Homeostasis: Cerebellar function needs to balance left vrs right impulses, and neurochemical impulses from cerebellum modulate chemical impulses from basal ganglia. This is all a fine balancing situation, responding to external proprioceptors from external limbs. ...Read more

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What is the definition or description of: cerebellum?

Helps coordination : An area in the back of the brain that helps coordinate movement, speech, and eye movements. It has connections to the frontal lobes also and may play a role in helping you focus and pay attention. ...Read more

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What's the longterm prognosis for cerebellar hypoplasia?

What's the longterm prognosis for cerebellar hypoplasia?

Variable: It depends on the underlying cause. If it is a progressive cause then the prognosis is poor. ...Read more

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What is the statistics of cerebellar hypoplasia in children?

What is the statistics of cerebellar hypoplasia in children?

Please be specific: Cerebellar hypoplasia is a descriptive term for many individual entities affecting brain development. It can occur in isolation or part of a complex syndrome. It has been found in cases with linkage to anomalies on the x, 3rd, 7th, 9th, 14th & 17th chromosomes. Their also sibling pairs that define autosomal recessive cases. All are considered rare with outcomes varying to the degree of defect. ...Read more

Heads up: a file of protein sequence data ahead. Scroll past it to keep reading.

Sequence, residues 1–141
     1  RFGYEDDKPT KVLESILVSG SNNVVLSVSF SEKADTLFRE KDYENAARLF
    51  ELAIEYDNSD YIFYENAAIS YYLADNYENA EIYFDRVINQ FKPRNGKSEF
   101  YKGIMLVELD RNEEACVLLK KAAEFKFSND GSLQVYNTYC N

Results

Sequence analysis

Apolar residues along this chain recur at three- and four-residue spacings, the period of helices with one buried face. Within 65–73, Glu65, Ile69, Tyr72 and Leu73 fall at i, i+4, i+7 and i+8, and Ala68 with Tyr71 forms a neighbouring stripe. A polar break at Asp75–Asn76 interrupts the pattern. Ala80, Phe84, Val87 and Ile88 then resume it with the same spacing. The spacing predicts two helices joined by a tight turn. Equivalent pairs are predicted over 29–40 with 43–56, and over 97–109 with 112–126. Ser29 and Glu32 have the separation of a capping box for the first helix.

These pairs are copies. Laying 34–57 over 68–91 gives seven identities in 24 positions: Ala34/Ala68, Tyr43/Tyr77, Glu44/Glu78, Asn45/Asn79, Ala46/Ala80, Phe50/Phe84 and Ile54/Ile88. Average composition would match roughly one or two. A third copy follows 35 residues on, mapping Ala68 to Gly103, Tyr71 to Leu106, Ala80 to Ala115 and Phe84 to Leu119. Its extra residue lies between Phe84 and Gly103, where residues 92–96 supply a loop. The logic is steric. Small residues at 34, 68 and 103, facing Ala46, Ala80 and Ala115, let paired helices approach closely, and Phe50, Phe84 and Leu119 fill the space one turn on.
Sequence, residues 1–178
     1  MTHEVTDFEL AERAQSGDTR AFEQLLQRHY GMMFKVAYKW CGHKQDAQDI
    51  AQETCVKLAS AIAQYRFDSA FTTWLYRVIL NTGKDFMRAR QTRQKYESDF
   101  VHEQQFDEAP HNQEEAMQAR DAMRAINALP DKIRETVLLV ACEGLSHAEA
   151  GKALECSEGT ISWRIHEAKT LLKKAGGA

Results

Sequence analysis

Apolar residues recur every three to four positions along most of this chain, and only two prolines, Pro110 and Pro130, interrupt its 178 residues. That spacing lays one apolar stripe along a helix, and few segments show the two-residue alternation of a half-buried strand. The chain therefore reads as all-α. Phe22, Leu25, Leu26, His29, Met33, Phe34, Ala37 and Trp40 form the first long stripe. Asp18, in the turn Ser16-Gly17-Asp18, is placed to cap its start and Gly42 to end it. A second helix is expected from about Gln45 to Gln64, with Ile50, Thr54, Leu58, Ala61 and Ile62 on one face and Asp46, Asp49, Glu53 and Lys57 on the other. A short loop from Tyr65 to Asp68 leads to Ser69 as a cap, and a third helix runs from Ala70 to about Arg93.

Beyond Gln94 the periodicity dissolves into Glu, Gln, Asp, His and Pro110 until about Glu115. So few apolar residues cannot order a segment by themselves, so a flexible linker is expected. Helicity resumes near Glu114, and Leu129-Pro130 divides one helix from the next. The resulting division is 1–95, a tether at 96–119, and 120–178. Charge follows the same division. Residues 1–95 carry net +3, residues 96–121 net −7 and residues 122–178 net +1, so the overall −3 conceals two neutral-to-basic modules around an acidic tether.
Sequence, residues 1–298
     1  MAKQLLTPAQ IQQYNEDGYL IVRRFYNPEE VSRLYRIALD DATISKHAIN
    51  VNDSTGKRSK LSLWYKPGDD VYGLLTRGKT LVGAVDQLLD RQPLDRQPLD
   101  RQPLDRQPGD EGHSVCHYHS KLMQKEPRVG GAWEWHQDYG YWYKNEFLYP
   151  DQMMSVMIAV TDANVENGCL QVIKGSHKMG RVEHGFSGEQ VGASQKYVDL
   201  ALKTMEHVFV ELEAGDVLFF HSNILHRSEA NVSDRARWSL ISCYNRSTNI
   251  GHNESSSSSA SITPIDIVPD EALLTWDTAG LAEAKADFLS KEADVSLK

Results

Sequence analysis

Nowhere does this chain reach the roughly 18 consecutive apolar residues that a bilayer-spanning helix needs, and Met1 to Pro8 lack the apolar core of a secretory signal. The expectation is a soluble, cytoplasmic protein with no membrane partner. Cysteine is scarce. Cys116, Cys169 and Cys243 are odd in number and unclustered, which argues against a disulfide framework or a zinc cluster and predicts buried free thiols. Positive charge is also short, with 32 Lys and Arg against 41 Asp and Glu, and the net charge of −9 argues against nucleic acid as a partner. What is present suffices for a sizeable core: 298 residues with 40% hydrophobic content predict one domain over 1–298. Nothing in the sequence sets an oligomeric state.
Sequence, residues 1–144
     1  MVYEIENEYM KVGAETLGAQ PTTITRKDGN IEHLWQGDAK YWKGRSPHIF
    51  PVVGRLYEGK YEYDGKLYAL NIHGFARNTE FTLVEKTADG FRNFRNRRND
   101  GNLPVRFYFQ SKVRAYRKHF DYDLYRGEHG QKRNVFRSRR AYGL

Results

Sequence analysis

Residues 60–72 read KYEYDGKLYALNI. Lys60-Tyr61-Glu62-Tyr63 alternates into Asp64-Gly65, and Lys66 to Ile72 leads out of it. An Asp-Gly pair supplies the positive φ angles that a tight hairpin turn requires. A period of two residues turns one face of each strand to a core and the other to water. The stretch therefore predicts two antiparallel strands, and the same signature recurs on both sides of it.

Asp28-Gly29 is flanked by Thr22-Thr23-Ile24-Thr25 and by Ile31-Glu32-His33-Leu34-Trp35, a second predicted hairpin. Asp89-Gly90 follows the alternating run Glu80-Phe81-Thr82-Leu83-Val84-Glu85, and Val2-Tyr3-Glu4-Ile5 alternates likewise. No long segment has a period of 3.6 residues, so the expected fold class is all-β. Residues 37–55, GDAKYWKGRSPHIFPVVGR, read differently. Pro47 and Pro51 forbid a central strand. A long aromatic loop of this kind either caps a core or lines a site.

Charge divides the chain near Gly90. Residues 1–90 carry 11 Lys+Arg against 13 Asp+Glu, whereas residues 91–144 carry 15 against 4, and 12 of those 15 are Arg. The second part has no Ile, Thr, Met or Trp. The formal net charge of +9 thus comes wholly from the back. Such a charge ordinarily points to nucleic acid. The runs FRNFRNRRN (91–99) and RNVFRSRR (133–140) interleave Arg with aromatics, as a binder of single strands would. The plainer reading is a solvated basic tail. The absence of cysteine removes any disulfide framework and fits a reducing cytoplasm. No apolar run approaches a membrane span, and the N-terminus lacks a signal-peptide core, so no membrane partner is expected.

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What are the causes of cerebellum volume loss at a young age?

Most common : Cause in young people are familial or congenital causes. ...Read more

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What does thi mean? There is a flow void in the cerebellum on the left.

MRI report?: If that is in the text of an MRI report on the brain, it means there is likely a vessel in that area. Blood flow can cause the appearance of no tissue in the scan; it is technical. ...Read more

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What are the effects of atrophy of cerebellum?

Variable: Sometimes, atrophy of the cerebellum causes no symptoms! The tendency is that symptoms affect coordination. This may be most noticeable with walking, using the arms, or with speaking of swallowing. Eye movements may sometimes be affected also. ...Read more

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Are the NMDA receptors and nr1 subunit in the cerebellum?

Are the NMDA receptors and nr1 subunit in the cerebellum?

You're confused: Neuronal receptors are proteins that float around in neurons' cell membranes. The nr1 subunit is a part of the nmda receptor. Nmda receptors make up only about 1% of cerebral neuronal receptors but they are widely distributed throughout the entire brain. They play a part in long-term potentiation, which is believed to be one of the mechanisms of learning and memory. ...Read more

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What is cerebellar degeneration?

What is cerebellar degeneration?

Illness family: This is a group of thankfully-uncommon illnesses, almost all of them genetic, in which the principal cells of the cerebellar cortex die off over time. Generalized lack of coordination results. One is treatable with big doses of vitamin E but this does not touch the rest. The other entity to rule out is remote effects of a small lung cancer. Good luck. ...Read more

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Is cerebellar degeneration terminal?

It can be: In a young person of 36 this is evidence of some kind of genetically determined cause. One cause is vitamin b1 dependency. This is like dietary deficiency but requires huge doses of the vitamin. Stay away from all forms of sugar and sweeteners. ...Read more